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LET’S DEBATE

LET’S DEBATE

CONSTITUTIONAL lawyer John Sangwa stirred a hornet’s nest when he recently proposed that the position of Chief Justice be advertised so Zambians who felt they qualified could apply for the position.

His main reason for the proposal was to ensure that public confidence is restored in the Judiciary by adopting an open transparent recruitment for this important position.

Of course the suggestion did not go well within the legal fraternity, with some arguing that there was already a system in place on how the vacancy ought to be filled.

Their argument was that the Judicial Service Commission was in place to nominate a suitable candidate whose name would be presented to the President for appointment – subject to ratification by Parliament.

And this time round, Mr Sangwa has suggested that the position of Director-General of the Anti-Corruption Commission (ACC) should be advertised. 

Mr Sangwa advised that the ACC top job is advertised to avoid bringing on board people with tainted pasts and skeletons in their closets.

Mr Sangwa has said that there is need to advertise and thoroughly scrutinise suitors before appointing anyone as Director General of the ACC to ensure that a competent person is selected.

Supporting him is a member of the Patriotic Front central committee Mr Raphael Nakacinda who also feels it is important that Constitutional positions of Director of Public Prosecutions and head of the ACC should not be politicised because these are key positions that need impartial individuals of the highest level of integrity.

It is important that Zambians debate this proposal openly and ensure that in the long run, the nation adopts a system that promotes transparency and thus builds confidence in these institutions. 

Public confidence in the ACC is at an all-time low especially with the recent revelations in which the former acting Director-General MsRosemary Khuzwayo was heard in an audio leak telling staff to prosecute former Health Minister Dr Chitalu Chilufya.

Even though other senior officers tried to dissuade her that they did not have strong evidence to prosecute, Ms Khuzwayo allegedly insisted they go ahead.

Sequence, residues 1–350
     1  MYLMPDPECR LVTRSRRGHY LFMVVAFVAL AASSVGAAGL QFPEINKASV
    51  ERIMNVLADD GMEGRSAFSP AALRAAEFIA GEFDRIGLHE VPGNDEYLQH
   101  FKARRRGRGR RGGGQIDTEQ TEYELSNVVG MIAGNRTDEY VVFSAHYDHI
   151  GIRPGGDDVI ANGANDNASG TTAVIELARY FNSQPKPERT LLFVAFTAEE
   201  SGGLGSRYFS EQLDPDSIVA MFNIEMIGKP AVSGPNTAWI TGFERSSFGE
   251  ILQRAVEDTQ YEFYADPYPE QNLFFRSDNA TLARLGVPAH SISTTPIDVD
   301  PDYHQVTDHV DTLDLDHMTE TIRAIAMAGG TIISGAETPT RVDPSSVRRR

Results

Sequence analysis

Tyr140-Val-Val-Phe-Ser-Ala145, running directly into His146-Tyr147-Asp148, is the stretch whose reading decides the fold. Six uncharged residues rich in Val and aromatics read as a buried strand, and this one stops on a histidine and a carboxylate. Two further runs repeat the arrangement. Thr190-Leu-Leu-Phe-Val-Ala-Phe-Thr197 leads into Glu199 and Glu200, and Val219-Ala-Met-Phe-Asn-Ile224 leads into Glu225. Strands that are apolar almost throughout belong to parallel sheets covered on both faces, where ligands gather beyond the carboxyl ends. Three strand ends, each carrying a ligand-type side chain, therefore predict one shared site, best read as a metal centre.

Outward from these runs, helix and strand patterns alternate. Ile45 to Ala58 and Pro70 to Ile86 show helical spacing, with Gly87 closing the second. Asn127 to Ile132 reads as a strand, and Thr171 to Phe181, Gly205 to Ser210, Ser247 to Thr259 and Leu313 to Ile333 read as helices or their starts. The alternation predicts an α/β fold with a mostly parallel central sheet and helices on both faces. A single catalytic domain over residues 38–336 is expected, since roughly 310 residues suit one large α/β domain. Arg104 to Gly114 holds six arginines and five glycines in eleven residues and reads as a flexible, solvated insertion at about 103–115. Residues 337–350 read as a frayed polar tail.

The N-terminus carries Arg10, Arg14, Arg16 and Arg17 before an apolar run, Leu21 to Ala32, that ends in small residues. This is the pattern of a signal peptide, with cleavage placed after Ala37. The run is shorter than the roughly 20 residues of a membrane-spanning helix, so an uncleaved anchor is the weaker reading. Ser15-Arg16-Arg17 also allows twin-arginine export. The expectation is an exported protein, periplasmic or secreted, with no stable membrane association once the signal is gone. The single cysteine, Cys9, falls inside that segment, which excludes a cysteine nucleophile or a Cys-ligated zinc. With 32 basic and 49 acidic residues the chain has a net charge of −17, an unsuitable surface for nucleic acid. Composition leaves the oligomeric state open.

Of course, the Chitalu case was just one of the many cases that has led to the public losing faith in the institution.  There are a host of other failed investigations and prosecutions.

This is the more reason that we agree with Mr Sangwa on how to boost confidence in the ACC, that it was imperative for the President to consider advertising the job so that people with a clean track record could be given an opportunity to lead the institution.

Mr Sangwa said by so doing people would have confidence in the institution and the new Director General would have confidence in delivering their duties diligently.

In South Africa, President Cyril Ramaphosa invited the public to take part in nominating the new Chief Justice, saying he wanted to restore confidence in the Judiciary.

The move in  no way takes away the President’s powers to fill the vacancy.  He will take his pick from the final list submitted by the committee selecting the Chief Justice.

For Zambians, it is important that flexibility be exercised in filling up such vacancies because they would feel they are part and parcel of the selection process.

Mr Nakacinda said the appointment of the DPP should not be politicised because it was a sensitive position which required someone with a sober mind and of very high integrity without the blemish of previous misconduct including corruption in the acquisition of privatisation assets, which cases were still in courts of law.

Zambians must not be satisfied with the status-quo but learn and adapt to new methods that enhance democracy and the dispensation of justice.

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